New studies show that mobile health (mHealth) devices could aid in the screening and detection of atrial fibrillation (AF) by using photoplethysmography (PPG) technology.

Researchers from the University of Liverpool, UK and Chinese PLA General Hospital, Beijing led the study.

AF is a common heart disorder characterised by irregular and abnormally fast heart rate. Patients are at a higher risk of stroke, heart failure, dementia and death.

The condition has a low detection rate as it lacks visible symptoms. It is also associated with inadequate management due to non-adherence.

mHealth devices such as mobile phones, fitness trackers and smartwatches are expected to facilitate earlier detection and better management of the disorder.

The devices can leverage PPG, an optical technique that identifies changes in blood volume in the microvascular bed of tissue. Common uses for the technology include non-invasive measurement at the skin surface.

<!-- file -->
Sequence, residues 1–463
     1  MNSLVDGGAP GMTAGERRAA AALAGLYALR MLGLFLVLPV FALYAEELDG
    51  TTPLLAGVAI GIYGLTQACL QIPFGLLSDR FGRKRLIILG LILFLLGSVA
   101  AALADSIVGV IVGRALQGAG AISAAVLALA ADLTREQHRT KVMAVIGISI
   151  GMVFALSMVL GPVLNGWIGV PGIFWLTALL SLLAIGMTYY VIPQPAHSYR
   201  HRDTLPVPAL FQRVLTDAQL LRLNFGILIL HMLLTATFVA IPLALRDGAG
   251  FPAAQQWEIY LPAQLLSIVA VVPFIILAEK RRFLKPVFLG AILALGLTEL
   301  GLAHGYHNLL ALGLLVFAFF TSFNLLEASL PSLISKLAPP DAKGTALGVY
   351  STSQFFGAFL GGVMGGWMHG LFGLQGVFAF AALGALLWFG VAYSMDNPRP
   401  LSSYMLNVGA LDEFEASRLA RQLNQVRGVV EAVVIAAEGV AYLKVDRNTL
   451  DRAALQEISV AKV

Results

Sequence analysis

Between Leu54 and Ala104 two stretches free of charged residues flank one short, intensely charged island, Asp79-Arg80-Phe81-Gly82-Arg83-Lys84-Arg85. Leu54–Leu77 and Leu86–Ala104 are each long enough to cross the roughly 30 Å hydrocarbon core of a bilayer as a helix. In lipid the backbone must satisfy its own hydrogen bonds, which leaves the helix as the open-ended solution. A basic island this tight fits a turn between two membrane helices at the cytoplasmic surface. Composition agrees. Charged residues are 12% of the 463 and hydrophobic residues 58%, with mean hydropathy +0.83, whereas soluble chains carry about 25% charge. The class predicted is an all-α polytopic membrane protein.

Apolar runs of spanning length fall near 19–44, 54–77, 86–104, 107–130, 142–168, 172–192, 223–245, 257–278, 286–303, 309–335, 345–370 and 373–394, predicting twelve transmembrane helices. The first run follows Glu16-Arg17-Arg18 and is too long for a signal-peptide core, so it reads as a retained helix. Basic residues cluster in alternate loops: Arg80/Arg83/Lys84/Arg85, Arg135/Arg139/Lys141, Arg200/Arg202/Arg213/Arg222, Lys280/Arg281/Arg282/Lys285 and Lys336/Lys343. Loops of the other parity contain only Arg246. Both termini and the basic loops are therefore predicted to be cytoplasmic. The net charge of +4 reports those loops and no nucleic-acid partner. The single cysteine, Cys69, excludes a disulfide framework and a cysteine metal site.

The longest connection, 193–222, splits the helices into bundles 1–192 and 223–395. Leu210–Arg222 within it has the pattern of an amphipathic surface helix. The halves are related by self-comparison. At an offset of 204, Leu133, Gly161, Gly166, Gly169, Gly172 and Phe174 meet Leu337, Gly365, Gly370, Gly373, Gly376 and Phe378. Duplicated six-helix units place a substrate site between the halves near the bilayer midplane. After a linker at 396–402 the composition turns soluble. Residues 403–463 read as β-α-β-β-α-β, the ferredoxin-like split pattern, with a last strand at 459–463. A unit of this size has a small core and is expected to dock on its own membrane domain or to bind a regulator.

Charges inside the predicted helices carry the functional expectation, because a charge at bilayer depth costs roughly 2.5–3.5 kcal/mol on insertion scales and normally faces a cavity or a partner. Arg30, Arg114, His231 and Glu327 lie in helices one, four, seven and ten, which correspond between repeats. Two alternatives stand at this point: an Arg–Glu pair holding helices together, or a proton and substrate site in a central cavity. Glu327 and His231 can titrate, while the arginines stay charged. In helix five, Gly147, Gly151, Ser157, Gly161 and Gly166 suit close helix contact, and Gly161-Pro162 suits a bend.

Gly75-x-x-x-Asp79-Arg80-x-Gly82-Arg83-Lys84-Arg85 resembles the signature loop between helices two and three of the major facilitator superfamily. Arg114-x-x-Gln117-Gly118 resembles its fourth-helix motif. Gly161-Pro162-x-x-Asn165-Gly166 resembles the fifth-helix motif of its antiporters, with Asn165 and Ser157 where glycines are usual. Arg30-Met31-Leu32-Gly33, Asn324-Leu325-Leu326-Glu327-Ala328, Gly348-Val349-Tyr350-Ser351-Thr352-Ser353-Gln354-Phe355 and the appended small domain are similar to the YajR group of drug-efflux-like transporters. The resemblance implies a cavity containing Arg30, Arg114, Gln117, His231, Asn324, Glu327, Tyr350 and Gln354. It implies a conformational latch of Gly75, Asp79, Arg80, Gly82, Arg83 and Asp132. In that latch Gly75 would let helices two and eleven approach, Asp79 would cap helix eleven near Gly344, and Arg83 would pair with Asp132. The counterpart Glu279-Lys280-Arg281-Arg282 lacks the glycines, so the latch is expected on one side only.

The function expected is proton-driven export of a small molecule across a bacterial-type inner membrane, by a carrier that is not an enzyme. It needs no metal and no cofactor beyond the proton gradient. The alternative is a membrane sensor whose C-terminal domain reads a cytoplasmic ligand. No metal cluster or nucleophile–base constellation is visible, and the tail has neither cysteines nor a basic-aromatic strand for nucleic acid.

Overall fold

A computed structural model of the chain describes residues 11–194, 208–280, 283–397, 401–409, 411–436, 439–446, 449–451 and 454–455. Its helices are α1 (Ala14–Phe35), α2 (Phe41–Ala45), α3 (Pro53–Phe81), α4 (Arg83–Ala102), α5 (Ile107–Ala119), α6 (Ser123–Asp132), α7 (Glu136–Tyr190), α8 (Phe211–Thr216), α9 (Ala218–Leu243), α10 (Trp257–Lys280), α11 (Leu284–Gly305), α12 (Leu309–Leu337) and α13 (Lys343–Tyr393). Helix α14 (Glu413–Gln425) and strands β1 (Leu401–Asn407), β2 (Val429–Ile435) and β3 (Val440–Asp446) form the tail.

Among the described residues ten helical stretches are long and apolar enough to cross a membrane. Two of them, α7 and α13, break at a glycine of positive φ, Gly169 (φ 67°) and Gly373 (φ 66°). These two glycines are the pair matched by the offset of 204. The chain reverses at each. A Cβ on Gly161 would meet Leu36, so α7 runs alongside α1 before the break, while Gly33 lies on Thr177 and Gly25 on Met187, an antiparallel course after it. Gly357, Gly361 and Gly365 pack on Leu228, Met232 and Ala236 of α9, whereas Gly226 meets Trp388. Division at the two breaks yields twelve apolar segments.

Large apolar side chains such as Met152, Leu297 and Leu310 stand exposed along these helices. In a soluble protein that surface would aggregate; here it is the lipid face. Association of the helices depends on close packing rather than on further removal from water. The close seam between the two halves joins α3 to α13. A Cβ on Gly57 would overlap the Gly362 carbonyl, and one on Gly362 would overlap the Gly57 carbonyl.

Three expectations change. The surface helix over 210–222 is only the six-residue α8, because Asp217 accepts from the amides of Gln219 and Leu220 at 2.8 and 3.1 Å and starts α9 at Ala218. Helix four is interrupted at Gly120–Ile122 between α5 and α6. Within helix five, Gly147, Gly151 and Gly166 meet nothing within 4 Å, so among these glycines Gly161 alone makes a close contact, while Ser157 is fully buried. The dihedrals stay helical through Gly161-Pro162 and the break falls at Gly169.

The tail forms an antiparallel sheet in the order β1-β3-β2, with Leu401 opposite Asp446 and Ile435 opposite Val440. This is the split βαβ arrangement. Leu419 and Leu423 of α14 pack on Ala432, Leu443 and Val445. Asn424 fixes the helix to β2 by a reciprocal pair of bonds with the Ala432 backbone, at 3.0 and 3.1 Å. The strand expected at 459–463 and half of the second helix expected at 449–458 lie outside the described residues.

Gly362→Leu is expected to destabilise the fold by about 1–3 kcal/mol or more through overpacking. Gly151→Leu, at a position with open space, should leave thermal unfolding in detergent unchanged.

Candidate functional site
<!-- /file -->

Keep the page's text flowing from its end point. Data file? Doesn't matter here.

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By GlobalData

In the latest study, researchers evaluated smart devices with PPG technology, in combination with a clinical care AF management pathway, for screening the condition.

A total of 187,912 participants aged above 18 years in China received screening for around seven months using smart wristbands or watches powered by the technology.

When asked to monitor pulse rhythm, 424 participants received a suspected AF notification, while 227 received confirmation from health providers and secondary assessments. Patients who received a diagnosis went on to receive anticoagulation therapy.

Chinese PLA General Hospital associate professor Guo said: “Based on our present study, continuous home-monitoring with smart device based PPG technology could be a feasible, cost-effective approach for AF screening.

“There were 95% patients following entry into a programme of integrated AF care and approximately 80% of high-risk patients were successfully anticoagulated. This would help efforts at screening and detection of AF, as well as early interventions to reduce stroke and other AF-related complications.”

The study has been published in the Journal of the American College of Cardiology and presented at the European Society of Cardiology (ESC).